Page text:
Thursday, September 11, 2014

From whence I come. (This being a story of my Grand-Father.)

I've written before about my grand-father, Morris Tannenbaum, who settled in Philadelphia in 1913 and who opened up his tailor shop in the basement of a row-house some years later. While he never had two pin-cushions to rub together, and died a youngish-man in 1936 when my old man was just eight, he somehow in the short time he was alive, was able to earn the sobriquet "The Worst Tailor in Philadelphia."

According to my father, every seam he sewed was crooked. No two pant's legs or sleeves were even and there was barely a suit that left his shop without extra room across the back should you, for some inexplicable reason, develop a hunched back.

Morris cut his tailoring teeth in a city called Krasnoyarsk (pronounced Krasnoyarsk), Siberia's third largest city, and judged, by Chekhov of all people, as its loveliest. It was also an important junction on the Trans-Siberian Rail Way, and that's where our story begins.
Life was cheap as the Trans-Siberian Rail-Way was being built. Thousands died, many more wish they had.

With baggy pants down around their ankles, the cry of "Hem boy!" would ring out.

It's hard, really, to appreciate the magnitude of the job of building the Trans-Siberian. It's nearly 6,000 miles long and was built through some of the most desolate and forbidding terrain in the world. What's more, in the summer, temperatures could drop to 200-below (Celsius) and it got even colder in the winter.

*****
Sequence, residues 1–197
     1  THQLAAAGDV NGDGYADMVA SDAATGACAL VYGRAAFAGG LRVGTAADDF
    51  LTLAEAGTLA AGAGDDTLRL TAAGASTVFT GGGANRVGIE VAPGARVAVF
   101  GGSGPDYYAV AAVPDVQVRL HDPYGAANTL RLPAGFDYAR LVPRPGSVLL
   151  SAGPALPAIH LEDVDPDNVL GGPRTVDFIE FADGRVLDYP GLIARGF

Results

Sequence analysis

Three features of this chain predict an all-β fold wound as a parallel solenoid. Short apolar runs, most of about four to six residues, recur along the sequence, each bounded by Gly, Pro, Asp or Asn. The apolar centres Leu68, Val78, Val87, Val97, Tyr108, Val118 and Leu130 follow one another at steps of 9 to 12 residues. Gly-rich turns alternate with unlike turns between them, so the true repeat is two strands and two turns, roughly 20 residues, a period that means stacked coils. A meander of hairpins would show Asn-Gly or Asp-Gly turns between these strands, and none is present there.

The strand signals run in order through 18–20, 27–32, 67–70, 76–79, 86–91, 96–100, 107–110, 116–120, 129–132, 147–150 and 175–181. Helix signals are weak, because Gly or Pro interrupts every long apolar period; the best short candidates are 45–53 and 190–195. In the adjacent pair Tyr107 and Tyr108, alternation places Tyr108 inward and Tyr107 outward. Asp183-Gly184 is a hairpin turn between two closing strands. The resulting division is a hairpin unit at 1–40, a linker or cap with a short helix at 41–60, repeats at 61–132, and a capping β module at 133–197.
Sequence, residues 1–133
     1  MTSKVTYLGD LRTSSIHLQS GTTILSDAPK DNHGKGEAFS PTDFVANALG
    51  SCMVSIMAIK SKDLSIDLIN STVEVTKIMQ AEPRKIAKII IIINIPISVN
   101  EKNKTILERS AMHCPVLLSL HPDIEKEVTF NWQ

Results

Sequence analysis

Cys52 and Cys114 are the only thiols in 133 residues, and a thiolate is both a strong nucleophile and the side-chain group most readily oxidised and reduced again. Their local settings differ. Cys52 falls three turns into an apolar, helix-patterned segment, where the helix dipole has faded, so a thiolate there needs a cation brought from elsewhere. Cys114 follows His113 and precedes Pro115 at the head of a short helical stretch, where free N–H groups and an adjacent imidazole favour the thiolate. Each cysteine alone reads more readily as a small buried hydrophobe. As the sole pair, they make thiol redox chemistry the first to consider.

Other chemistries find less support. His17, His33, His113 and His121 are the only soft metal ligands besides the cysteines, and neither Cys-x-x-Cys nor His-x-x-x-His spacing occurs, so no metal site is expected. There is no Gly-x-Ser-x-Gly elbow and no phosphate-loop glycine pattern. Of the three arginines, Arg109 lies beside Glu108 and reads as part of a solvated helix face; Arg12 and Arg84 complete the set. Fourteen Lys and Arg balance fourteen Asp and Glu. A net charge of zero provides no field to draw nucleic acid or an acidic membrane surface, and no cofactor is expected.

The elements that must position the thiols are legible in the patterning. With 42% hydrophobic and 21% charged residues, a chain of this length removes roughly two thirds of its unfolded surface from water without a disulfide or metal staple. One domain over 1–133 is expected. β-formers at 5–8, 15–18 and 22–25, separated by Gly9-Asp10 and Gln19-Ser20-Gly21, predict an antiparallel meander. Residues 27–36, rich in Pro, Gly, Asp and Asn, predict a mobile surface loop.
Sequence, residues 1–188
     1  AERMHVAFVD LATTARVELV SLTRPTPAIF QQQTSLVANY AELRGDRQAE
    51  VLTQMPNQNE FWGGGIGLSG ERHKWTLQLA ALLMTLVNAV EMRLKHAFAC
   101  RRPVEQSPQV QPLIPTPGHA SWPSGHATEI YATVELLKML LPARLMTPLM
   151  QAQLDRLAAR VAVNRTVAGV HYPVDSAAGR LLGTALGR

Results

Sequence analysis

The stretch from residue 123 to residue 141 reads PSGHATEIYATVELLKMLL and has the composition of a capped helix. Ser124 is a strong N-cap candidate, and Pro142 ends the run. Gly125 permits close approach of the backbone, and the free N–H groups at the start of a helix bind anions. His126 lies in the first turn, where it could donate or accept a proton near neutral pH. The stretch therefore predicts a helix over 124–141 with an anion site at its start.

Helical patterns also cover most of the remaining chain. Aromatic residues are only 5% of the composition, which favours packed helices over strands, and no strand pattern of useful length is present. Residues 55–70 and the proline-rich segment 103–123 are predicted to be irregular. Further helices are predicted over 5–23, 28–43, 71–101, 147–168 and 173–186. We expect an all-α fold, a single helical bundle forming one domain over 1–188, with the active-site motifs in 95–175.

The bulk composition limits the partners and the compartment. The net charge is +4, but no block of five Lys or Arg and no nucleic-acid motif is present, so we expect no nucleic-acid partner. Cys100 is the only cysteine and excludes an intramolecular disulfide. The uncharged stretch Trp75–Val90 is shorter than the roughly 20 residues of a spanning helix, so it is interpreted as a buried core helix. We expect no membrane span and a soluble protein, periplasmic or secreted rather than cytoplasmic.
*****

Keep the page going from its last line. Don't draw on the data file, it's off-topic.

Temperatures dropped to -200 (Celsius.) Colder in the shade.

The railway was built over the decades beginning in 1890 when my grand-father was just a spit of a boy. The men who constructed it were a) liberated serfs; b) drunken rabble; c) political convicts; d) criminal convicts and e) Jews for whom any labor represented a step up from the abject poverty of shtetls that would make Anatevka look like Greenwich, Connecticut.

My grandfather got a job as a "hem boy" for the railroad.

The workers who laid the tracks were given by the Trans-Siberian one pair of work pants. By the time they had reached Krasnoyarsk, they had generally lost so much weight from eating their meager rations, that their pants were down around their ankles. Of course, when you're pounding in spikes all day, having your pants fall down isn't just embarrassing, it's downright dangerous.

So the railroad hired scores of "hem boys" who would run along the rail way waiting for a worker to sing out "Hem boy!" Then they hustled over to pin up and hem the workers' pants.

There's no telling how many hems my grand-father shortened this way. Or how he managed to last the years he did. But somehow he lasted long-enough to save what he needed to land in America and start a new life on our teeming shores.

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